If You’ve Saved Up a Nest Egg You Might Not Like The “Fair-Tax”
The “Fair Tax” proponents want to replace the income tax with a national sales tax. They call it the fair tax because…well, I don’t really know. I suppose it’s a fair tax, unless that’s an oxymoron.
Radio Talk show firebrand Neil Boortz is one of the biggest supporters of a national sales tax having written two books on it: The Fair Tax Book and FairTax: The Truth. Another book, The Fair Tax Solution: Financial Justice For All Americans, by Ken Hoagland claims to be the definitive book on the fair tax and its potential to save the American economy.
The Fair Tax, we are told in these books, will abolish the IRS, let you Keep all the money in your paycheck, you’ll pay taxes only on what you spend not what you earn, and it will eliminate all the fraud, hassle, and waste of our current system.
Former New Mexico governor Gary Johnson is a candidate for the Republican nomination for president. You might not have known that. You might not have even heard of Gary Johnson because he was not in the first debates, although I think he was in the last one (I don’t watch those things, I’d need a barf bag).
There’s much to be said for Gary Johnson, a staunch libertarian who understands that if he’s serious about wanting to be president he’ll need to be the Republican nominee. Running under the Libertarian party would merely be an exercise in self indulgence and would only help the reelection of Barack Obama. Give him credit for not going that way.
Gary Johnson has made some promises for when and if he were to become president, almost all of which sound pretty good. For the most part, a libertarian in the White House would please most of the “leave-me-alone” type of Republicans. One of Johnson’s promises is to push for the Fair Tax.
The first huge problem with a national sales tax is that getting rid of the income tax will not be easy and if that were not fully accomplished first we would end up with both the income tax still in place and a national sales tax on top of it. That would surely please the political class but the economy would be in a shambles and everything Americans need to buy almost every day would cost a lot more. It would be a disaster.
Therefore, the 16th Amendment would have to be repealed first. The proponents of the fair tax don’t even begin to understand the massive logistical problem of getting the whole thing done in the way they imagine. They fail to take into account the tricks and shenanigans the Left would play to see to it that both systems would thereafter exist in tandem. Would a leftist Supreme Court rule that even without the 16th Amendment an income tax is Constitutional? Yes, of course it would. When the dust cleared Americans would wonder what hit them.
But even if one assumes the 16th Amendment would get repealed (it takes another Constitutional Amendment to repeal a prior amendment) and the Supreme Court would actually uphold the Constitution, and it all gets done before the national sales tax takes effect, there’s still the matter of how a national sales hits people who have saved and invested and piled up a nice nest egg for their retirement. The money in your nest egg has already been taxed, as you earned it. When the national sales tax goes into effect, that money will be taxed again, as you spend it to live on in your retirement. That may be a time when you no longer have a lot of actual income. In that case it won’t mean much to you that you get to keep all the money in your paycheck because you no longer have a paycheck. You may have an annuity you bought with your nest egg, or you may take a monthly withdrawal from your nest egg (to supplement your social security) in an amount you calculate will make it last for about a long as you expect to live. Since it’s your own money you won’t pay any income tax on it as you withdraw it from wherever it’s invested. It’s previously taxed money, after all. You saved it out of what you had left after paying your income tax all those years.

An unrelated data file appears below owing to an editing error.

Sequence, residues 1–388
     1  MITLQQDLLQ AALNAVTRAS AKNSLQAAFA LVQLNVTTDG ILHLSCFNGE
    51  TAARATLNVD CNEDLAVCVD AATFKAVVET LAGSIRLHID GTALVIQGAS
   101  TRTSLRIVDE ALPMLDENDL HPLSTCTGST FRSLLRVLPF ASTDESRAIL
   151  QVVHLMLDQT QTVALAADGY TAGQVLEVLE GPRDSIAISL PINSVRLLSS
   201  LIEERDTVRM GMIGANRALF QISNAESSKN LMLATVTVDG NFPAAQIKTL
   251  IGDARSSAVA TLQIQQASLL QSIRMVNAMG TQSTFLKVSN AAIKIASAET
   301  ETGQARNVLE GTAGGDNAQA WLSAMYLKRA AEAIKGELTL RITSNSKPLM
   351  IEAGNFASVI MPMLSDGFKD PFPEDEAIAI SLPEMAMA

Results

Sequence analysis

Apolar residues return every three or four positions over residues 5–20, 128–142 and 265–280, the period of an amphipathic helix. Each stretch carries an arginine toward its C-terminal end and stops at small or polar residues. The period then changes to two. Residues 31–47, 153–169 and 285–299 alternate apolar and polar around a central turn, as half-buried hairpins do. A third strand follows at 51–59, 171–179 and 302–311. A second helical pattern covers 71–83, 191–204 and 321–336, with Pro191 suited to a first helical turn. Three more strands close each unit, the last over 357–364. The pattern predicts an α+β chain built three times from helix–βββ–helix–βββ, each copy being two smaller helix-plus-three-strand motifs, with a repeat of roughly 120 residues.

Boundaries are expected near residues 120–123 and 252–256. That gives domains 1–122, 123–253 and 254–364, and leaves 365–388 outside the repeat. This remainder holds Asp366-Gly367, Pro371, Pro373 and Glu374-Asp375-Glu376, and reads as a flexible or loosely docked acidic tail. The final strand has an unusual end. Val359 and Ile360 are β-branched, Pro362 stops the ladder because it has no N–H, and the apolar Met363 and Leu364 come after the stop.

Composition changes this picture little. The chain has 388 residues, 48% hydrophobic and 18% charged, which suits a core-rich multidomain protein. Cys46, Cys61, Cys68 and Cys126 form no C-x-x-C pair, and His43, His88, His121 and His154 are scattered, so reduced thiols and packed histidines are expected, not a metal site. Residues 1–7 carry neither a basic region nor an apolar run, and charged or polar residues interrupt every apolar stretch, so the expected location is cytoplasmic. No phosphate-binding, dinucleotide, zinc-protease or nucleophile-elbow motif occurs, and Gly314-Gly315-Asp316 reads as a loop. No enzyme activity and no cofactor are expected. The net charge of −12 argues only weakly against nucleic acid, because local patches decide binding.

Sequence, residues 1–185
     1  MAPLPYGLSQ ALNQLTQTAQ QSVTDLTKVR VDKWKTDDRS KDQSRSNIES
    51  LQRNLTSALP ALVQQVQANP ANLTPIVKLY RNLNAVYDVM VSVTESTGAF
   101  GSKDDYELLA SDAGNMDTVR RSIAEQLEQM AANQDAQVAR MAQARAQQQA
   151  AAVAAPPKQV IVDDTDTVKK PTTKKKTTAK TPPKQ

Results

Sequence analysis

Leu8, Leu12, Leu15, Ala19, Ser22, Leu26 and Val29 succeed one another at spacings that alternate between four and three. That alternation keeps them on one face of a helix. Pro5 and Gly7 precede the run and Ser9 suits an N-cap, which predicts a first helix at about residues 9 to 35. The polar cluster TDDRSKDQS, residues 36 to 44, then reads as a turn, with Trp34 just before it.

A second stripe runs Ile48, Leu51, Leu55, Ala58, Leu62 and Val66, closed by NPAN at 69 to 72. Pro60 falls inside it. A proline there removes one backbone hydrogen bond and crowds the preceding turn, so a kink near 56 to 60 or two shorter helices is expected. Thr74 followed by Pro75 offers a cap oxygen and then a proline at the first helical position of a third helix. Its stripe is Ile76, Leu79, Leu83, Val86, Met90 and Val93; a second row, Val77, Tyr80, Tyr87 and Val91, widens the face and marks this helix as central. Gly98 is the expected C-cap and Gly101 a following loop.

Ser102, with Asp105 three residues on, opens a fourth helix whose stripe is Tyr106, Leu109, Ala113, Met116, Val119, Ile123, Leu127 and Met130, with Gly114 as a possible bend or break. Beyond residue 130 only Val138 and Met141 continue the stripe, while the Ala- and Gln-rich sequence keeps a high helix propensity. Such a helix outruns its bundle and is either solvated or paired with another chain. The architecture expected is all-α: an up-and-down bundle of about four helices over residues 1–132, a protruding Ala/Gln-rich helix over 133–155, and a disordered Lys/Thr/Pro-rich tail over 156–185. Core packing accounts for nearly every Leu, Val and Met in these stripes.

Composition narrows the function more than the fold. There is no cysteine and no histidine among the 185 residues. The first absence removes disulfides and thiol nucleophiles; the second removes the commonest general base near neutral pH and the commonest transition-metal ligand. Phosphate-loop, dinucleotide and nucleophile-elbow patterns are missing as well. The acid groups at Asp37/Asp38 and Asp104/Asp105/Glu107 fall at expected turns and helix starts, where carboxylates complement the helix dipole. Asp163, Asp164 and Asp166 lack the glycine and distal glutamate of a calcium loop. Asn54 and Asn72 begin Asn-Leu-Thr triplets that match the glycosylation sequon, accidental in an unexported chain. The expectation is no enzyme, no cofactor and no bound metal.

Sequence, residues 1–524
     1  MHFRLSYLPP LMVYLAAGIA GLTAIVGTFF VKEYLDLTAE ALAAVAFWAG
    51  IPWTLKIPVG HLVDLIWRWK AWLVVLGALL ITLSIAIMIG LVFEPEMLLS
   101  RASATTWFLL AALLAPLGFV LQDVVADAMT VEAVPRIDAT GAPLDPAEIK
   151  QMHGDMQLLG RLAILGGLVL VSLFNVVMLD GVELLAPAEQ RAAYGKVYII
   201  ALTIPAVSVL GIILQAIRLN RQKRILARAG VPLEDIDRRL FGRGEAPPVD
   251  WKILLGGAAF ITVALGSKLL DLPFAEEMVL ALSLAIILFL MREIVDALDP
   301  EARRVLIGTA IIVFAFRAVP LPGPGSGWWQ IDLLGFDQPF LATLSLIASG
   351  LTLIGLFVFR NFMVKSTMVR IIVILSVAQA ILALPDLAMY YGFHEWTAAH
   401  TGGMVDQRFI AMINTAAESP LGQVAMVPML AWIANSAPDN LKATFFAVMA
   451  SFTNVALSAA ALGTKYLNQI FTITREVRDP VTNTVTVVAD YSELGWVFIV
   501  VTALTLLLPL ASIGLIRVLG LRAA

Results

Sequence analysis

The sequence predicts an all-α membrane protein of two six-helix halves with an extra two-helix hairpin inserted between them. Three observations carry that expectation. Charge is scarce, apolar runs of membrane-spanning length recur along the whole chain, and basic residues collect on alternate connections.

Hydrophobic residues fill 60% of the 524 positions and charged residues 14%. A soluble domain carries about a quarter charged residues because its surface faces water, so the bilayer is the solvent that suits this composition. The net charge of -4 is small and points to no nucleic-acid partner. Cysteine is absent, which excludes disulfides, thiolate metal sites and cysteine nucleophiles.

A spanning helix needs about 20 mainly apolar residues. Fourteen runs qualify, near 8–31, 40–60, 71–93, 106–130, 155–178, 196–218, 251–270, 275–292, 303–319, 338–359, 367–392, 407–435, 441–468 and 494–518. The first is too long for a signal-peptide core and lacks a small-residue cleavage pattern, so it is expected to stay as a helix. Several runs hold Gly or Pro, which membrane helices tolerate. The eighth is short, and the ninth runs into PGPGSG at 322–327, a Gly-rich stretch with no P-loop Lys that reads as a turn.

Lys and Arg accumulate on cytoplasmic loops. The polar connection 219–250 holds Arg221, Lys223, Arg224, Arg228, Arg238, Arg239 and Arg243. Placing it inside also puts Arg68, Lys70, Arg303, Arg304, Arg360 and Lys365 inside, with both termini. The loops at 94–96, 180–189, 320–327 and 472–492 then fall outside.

You need it now, to live on in your retirement. But as you spend it on necessary goods and services it will now get taxed a second time, and possibly at a higher rate than it was taxed the first time. The proponents of the fair tax are talking about a rate of 23% on everything you buy.
The Fair Tax doesn’t look so fair anymore.
Maybe they’ll tweak it to make is so you aren’t taxed on money you spend that was already taxed under the income tax system. Yeah, that should be easy to figure out. But I thought the fair tax was going to be simple and eliminate all the hassle of doing your taxes at the end of the year? Fat chance.
One other problem that could be the subject of another post later. States will be tempted to raise their income and sales taxes after the Fair Tax is enacted. There will be a false perception that Federal taxes are now less of a burden, allowing the states to drain more money from their citizens. More evidence, if any were needed, that the so-called Fair Tax is a false promise.